Things went on like this for about a week. Then, suddenly, without warning, Fritz got nasty. He presented us with nose-cap souvenirs and gas shells galore. Our expected stunt was hastened. We moved up into the front line that night.
I won’t go into details of the attack. We got our objective after a hard scrap and many casualties. What really concerns this story is the Dope. You could have knocked me over with the proverbial feather when I saw him. But I’m anticipating.
We had been waiting some time in the front trench for the reappearance of a patrol in charge of an officer. The show was timed to start at twelve and the patrol had not returned. Only ten minutes remained then Hell would break loose.
Time went on. . . . Two minutes to go. . . . Twelve o’clock!
Like a well-disciplined earthquake our guns broke out. We said good-bye to ever seeing that belated officer and his patrol again, when a timely star shell from out of the Boche’s ample firework display fell about fifty yards ahead of the trench, lighting up two figures in unmistakably Aussie uniform staggering in our direction. Nearer they came, until we could make out a third figure being carried by one of the other two. They scrambled down into the sheltered place where we were standing. Then I got the shock of my life. There stood the Dope, a seraphic grin trying to break through some clotted blood on his face, giving orders to the men about him to look after the huddled figure of the officer whom he had just carried in!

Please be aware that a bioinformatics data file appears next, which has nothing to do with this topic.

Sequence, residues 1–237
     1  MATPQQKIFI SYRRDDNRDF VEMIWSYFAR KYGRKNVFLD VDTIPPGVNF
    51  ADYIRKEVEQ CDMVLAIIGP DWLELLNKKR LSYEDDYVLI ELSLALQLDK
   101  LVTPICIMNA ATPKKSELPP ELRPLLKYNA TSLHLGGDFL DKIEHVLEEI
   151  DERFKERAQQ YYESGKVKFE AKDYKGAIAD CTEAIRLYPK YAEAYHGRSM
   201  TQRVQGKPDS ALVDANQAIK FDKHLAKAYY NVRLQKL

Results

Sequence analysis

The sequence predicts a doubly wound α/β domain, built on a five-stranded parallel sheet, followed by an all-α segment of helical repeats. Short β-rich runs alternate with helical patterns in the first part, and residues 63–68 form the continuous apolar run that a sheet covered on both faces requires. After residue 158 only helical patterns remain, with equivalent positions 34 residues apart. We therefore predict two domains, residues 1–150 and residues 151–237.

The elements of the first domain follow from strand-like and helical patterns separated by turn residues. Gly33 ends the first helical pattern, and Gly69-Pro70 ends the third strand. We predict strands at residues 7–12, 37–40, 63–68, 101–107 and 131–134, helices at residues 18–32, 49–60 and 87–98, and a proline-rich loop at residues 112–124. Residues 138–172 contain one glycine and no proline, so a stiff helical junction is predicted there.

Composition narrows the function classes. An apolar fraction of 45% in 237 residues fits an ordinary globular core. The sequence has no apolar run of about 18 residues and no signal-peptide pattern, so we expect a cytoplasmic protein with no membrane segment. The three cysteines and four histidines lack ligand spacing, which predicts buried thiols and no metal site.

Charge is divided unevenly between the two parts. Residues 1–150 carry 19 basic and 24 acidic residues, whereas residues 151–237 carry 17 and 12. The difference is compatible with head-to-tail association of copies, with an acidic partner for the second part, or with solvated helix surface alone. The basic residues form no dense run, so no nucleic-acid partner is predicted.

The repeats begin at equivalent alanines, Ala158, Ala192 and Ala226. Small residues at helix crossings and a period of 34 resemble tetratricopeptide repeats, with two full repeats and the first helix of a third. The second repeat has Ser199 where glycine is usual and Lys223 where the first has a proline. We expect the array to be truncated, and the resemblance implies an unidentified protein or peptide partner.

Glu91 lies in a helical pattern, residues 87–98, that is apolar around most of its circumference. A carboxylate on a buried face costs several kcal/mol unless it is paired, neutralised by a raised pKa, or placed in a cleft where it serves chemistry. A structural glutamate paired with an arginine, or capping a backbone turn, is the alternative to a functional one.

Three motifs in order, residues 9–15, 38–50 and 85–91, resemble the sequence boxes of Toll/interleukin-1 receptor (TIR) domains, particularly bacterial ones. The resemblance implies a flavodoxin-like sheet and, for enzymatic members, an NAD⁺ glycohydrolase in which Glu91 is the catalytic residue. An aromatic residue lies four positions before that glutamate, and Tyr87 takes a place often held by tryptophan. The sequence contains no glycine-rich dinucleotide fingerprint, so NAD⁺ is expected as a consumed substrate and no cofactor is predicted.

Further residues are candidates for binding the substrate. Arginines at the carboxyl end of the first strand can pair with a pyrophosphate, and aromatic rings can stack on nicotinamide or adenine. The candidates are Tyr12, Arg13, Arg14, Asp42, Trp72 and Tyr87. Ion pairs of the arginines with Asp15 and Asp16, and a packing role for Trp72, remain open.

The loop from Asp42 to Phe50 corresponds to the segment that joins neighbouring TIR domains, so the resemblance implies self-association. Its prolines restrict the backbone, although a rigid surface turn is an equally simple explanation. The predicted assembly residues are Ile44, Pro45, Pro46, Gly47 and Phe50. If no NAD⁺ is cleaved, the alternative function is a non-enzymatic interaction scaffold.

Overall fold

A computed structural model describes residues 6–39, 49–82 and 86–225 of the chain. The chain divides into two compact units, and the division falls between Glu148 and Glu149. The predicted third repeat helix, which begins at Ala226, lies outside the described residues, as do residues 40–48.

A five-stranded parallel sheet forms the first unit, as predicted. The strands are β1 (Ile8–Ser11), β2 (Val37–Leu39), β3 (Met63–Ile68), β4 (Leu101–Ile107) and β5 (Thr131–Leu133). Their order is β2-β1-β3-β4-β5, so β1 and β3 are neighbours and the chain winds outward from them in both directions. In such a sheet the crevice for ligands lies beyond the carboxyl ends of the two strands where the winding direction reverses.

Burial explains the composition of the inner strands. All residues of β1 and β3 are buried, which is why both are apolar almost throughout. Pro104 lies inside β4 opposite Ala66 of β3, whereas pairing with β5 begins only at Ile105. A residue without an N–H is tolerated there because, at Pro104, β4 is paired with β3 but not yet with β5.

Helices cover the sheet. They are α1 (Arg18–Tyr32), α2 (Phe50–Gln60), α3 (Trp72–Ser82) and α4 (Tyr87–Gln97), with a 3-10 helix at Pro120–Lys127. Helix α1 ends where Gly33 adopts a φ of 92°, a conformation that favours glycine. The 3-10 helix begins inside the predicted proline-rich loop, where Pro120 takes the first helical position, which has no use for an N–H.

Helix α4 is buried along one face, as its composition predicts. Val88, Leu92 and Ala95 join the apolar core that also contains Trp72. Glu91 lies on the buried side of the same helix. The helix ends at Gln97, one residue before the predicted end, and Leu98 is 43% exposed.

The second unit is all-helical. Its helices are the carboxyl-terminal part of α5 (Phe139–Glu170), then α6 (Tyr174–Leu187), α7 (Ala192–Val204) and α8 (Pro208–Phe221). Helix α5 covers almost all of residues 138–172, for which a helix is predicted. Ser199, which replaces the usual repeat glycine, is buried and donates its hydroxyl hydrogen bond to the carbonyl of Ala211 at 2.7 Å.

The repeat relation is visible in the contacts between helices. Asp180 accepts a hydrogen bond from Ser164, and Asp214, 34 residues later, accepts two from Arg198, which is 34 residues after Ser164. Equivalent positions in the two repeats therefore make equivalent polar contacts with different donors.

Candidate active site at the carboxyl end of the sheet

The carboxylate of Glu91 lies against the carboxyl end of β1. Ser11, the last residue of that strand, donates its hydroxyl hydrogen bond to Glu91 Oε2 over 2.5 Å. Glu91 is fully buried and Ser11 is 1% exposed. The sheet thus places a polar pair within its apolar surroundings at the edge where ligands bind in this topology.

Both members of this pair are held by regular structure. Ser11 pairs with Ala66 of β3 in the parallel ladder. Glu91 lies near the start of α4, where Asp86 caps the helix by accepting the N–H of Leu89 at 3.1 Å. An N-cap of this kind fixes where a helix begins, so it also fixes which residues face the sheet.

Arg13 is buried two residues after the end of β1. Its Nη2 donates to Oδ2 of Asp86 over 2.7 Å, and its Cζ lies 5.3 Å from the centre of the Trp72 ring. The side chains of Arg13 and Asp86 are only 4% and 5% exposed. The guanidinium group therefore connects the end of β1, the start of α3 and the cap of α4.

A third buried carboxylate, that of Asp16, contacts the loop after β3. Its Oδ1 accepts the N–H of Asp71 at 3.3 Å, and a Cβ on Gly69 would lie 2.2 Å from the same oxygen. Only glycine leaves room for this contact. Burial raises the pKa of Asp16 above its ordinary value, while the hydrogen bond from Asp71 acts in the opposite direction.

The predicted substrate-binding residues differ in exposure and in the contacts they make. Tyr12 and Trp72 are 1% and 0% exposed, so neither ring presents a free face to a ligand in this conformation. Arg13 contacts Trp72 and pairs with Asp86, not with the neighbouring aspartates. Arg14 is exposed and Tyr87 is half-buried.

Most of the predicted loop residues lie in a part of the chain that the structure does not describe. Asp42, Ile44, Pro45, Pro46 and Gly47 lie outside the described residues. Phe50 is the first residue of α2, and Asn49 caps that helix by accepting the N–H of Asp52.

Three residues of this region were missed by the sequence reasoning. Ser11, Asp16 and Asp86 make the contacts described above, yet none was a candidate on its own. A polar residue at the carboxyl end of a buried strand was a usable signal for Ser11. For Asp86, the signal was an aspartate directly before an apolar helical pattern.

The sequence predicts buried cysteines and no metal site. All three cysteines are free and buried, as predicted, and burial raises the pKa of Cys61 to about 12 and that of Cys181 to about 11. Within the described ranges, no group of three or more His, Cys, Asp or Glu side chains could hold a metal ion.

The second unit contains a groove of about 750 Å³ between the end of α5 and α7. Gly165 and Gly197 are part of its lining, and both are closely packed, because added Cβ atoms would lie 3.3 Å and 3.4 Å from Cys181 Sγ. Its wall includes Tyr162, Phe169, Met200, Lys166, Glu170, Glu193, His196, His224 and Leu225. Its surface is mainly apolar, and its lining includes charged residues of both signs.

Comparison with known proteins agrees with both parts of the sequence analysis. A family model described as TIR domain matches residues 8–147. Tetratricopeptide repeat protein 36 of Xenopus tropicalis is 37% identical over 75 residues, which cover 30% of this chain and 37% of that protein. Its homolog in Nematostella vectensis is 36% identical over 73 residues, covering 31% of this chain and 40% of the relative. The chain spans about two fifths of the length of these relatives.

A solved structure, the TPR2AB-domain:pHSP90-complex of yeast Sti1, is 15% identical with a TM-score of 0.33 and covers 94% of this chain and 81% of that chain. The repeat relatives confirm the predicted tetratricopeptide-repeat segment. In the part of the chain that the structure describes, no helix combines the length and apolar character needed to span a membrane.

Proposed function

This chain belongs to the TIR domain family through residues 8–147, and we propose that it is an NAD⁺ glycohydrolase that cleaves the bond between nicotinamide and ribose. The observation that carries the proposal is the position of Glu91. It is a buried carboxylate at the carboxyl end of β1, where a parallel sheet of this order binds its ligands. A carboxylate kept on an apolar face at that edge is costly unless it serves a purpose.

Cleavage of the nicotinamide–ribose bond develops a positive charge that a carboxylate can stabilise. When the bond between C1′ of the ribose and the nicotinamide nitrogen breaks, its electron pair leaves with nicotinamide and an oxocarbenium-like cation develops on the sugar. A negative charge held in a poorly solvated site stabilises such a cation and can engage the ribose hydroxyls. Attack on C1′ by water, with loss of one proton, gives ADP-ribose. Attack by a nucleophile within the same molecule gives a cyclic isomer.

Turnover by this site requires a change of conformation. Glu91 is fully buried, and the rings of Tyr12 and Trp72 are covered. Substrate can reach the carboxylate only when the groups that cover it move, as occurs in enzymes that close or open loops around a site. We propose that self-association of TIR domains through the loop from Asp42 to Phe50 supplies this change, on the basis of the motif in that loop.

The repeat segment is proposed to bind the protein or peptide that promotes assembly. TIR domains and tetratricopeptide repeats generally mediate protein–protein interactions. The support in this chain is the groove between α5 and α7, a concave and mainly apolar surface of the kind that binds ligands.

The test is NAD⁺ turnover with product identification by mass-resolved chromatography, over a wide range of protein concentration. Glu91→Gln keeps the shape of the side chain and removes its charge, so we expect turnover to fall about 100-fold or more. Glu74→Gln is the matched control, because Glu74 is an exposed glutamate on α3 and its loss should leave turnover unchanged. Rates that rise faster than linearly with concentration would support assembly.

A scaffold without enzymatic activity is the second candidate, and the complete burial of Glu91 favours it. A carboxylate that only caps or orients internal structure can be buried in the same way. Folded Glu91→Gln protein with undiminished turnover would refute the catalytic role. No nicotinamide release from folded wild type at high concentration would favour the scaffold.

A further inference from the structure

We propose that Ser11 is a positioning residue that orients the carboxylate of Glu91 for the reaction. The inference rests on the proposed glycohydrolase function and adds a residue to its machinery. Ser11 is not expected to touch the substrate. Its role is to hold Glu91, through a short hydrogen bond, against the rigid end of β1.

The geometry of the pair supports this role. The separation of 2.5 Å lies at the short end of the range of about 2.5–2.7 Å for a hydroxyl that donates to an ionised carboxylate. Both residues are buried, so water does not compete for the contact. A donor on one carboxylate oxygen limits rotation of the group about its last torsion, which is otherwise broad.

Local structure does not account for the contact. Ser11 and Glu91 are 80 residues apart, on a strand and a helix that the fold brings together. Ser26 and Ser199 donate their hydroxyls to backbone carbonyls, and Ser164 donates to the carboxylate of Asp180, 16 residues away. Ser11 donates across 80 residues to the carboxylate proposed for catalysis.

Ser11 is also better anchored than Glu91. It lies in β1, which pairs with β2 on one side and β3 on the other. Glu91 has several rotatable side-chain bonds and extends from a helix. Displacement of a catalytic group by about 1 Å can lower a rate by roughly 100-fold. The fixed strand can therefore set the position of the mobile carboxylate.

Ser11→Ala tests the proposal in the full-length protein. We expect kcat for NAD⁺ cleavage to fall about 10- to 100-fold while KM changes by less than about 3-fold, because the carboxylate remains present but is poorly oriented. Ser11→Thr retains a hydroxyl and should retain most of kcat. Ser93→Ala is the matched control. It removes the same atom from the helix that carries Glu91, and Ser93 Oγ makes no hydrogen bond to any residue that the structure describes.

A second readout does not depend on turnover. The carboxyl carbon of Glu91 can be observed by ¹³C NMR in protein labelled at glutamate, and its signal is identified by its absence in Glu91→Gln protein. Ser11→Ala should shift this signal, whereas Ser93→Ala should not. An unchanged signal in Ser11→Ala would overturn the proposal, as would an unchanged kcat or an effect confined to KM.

We never asked questions, we had too much to do. The last I saw of the Dope was as he plumped down in a dead faint alongside the officer. They were both wounded.
I don’t know whether the Dope got any decoration for his act, but he did get a trip to Blighty in a hospital ship. He may get to Aussie. Anyway, he earned it.
Aussie: The Australian Soldiers’ Magazine, no. 3, 8 March 1918, pages 8-9
Blighty  = (slang) England; or, in a wider context, Britain
Blighty  = (World War One slang) a “Blighty” was a wound which was severe enough that it was necessary for the military to send the recipient to England; some shell-shocked or war-traumatized soldiers gave themselves self-inflicted wounds in the hope that such “blighties” would get them sent from the battlefield, however, if those wounds were deemed to be self-inflicted then the soldiers faced a prison sentence
See: 1) Rita Cheng, “Traumas”, Front Line: Life in the Trenches of WWI (accessed 10 March 2014)
2) John Simkin, “Blighty Wounds”, Spartacus Educational (accessed 10 March 2014)
dud = something which does not work properly or does not work at all; in a military context, “dud” commonly refers to an artillery shell, a bomb, or similar, which does not explode
Fritz = Germans (“Fritz” could be used in a singular sense to refer to an individual German, as well as in a collective sense to refer to the German military or to Germans in general) (similar to the usage of “Hun”)
S.M. = Sergeant Major
tickets for either regions = a reference to earning a ticket (a pass) to either Heaven or Hell
whizzbang = (slang) a small high-velocity artillery shell, which makes a “whizzing” sound as it travels through the air and then makes a “bang” when it explodes